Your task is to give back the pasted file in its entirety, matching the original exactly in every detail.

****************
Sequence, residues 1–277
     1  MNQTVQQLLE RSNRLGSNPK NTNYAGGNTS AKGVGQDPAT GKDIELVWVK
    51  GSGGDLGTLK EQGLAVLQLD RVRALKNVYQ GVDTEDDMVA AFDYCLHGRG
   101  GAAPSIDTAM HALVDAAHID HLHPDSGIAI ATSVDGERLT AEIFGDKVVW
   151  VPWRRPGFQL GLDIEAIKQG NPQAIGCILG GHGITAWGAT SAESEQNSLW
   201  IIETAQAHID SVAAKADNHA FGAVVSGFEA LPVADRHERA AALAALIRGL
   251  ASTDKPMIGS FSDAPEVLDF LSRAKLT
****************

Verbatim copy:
Sequence, residues 1–277
     1  MNQTVQQLLE RSNRLGSNPK NTNYAGGNTS AKGVGQDPAT GKDIELVWVK
    51  GSGGDLGTLK EQGLAVLQLD RVRALKNVYQ GVDTEDDMVA AFDYCLHGRG
   101  GAAPSIDTAM HALVDAAHID HLHPDSGIAI ATSVDGERLT AEIFGDKVVW
   151  VPWRRPGFQL GLDIEAIKQG NPQAIGCILG GHGITAWGAT SAESEQNSLW
   201  IIETAQAHID SVAAKADNHA FGAVVSGFEA LPVADRHERA AALAALIRGL
   251  ASTDKPMIGS FSDAPEVLDF LSRAKLT